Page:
As we provide coverage of this wildly unpredictable 2020 election, between what political scientists have called “simultaneously the least qualified and most intentionally provocative pair of candidates for any office in all of recorded history,” we’ve taken a moment each week to look back at a simpler time, before C-SPAN was replaced with “The Real Senators of Capitol Hill” and the White House Correspondent’s Dinner with a literal political circus (remember when you could say you hadn’t seen Rosie O’Donnell forced to walk on a tightrope over a hole-filled “social safety net”?).
This week, Pulitzer Prize–winning journalist Ryan Seacrest sits down for an interview with “Whitey McLiberal,” a voter who wrote in Bernie Sanders in 2016, allowing Donald Trump to narrowly defeat Hillary Clinton in New Hampshire, winning the required 270 electoral votes and, thus, the Presidency. McLiberal has agreed to speak only under a pseudonym, for fear of accidentally violating the Arbitrary Libel Act of 2017 and ending up in front of the revived House Un-American Activities Committee.
Ryan SEACREST: So tell me, Whitey, why did you choose not to vote for Hillary Clinton?
Whitey McLIBERAL: Well, you know, even though Hillary was a decades-long feminist, fought to expand healthcare for children whose families couldn’t afford it, helped children with disabilities gain access to education opportunities, had more foreign policy experience than any candidate in either party, had most of the same policies as Bernie, and had been fighting generally for the things I care about since before I was born, she just didn’t feel genuine to me. And everyone knows that, if anything, politics is all about authenticity over practicality or compromise.
RS: And even hearing Bernie say that Hillary Clinton “must become our next president” failed to sway you?
WM: Ryan, everyone knows Debbie Wasserman-Schultz was crouching underneath the podium threatening him with a comb and a super PAC donation when he said that. And even if she hadn’t been, I had been a stalwart democratic socialist for six whole months by the time he said that, so I was ready and able to disregard Bernie, whose every word I had previously regarded as holy, and let my feeling of uneasiness about Hillary trump any logical thoughts I had that tried to tell me Bernie might know more than me about how to effect meaningful change.
RS: So in your mind, would Hillary have been just as bad as Trump?
WM: Well, she probably wouldn’t have repealed Obamacare, removed freedom of the press from the Constitution, or tried to appoint herself to the Supreme Court—only to settle on Ted Cruz when that didn’t work. On the other hand, I thought I wanted the Baltic states and Ukraine to be independent countries, Putin is way nicer to us as Eternal Emperor of the UFSR (Union of Federated States of Russia) than he ever was as Prime Minister Putin. Plus, since President Trump withdrew our nukes from international deployment, a bunch of our allies started to build their own. Bernie always wanted to redistribute money from the richer people to the poorer. I think he would agree that nuclear weapons should be redistributed from rich countries to poor, too.. Why shouldn’t Japan, South Korea, Australia, the Philippines, Poland, Greece, Italy, Turkey, and Saudi Arabia have their own nukes? It’s only fair—they’re all allies.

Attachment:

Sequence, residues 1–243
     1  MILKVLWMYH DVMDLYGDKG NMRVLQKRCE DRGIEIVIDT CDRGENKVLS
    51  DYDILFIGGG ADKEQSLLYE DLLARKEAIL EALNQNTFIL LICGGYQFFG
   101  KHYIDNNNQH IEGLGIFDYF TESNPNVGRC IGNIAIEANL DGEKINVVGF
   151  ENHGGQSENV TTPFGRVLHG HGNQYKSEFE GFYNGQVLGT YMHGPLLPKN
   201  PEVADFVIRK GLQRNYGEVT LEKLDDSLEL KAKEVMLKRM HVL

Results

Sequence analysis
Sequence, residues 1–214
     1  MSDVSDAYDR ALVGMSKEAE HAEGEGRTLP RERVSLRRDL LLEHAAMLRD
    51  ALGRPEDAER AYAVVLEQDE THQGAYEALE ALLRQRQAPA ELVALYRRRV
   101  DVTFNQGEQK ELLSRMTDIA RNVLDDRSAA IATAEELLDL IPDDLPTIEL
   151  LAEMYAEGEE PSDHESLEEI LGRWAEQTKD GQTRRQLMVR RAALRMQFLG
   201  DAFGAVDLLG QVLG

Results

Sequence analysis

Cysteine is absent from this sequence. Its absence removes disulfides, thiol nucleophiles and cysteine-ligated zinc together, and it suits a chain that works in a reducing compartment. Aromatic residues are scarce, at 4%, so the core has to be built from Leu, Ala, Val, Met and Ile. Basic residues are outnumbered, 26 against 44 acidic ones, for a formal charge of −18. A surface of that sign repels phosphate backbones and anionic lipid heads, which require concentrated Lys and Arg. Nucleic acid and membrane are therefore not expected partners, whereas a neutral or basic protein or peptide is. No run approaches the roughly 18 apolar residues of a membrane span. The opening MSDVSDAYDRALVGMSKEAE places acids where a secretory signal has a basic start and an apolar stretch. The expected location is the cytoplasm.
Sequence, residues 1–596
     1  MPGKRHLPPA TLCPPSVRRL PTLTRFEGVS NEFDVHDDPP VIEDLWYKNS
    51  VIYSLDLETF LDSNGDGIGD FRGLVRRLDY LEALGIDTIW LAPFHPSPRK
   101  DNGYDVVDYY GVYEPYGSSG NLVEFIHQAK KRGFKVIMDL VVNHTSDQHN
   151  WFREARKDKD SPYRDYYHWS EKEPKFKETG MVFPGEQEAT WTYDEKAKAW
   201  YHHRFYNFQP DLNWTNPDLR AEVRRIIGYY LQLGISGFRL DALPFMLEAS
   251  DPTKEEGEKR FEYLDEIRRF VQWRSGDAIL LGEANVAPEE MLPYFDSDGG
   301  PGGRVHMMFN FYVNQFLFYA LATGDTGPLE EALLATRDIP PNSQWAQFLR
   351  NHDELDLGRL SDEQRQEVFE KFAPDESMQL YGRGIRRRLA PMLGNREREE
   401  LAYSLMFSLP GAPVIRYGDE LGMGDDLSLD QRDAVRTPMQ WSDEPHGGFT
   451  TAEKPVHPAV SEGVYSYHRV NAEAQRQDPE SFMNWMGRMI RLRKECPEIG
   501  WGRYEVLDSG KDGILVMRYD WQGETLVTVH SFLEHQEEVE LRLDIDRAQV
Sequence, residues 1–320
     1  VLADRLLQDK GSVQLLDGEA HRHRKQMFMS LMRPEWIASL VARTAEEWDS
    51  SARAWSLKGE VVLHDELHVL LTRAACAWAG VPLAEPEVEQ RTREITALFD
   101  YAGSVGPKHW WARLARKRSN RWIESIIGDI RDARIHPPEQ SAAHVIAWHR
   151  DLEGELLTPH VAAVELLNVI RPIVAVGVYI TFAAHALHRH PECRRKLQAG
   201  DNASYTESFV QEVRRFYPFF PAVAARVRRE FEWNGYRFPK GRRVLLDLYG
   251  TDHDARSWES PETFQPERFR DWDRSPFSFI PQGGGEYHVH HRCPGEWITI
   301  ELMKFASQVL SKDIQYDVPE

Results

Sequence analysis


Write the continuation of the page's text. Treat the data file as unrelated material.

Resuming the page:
RS: So after nearly four years of President Trump, are you still convinced you made the right choice? Do you think Hillary’s loss has moved the country in the right direction? Or at least the Democratic Party?
WM: Well, I read in HuffPost that wages are still stagnant and hate crimes have doubled in the past four years, but I can only speak for the experiences I’ve lived. In the past four years, I graduated and got a job with an annual starting salary of $75,000, so as far as I know the country is doing much better than four years ago. I still have a lot of college debt, though, so that’s an issue I’d like the Democrats to take up again.
As far as the post-Clinton Democratic Party, I’m honestly disappointed. Even after Debbie Wasserman Schultz resigned as chairman of the DNC, the Democrats didn’t learn their lesson and still failed to listen to their core constituency—young, white, middle- to upper-class college liberals who aren’t registered Democrats and who vote a maximum of once every four years, and only then when we feel that all of our demands have been met perfectly. Even this year, when Bernie ran again against Elizabeth Warren, I couldn’t vote for either of them because they both supported Hillary, and that disqualifies them from my vote for life.
RS: Wait, so you didn’t vote for Bernie again this year? Who did you vote for?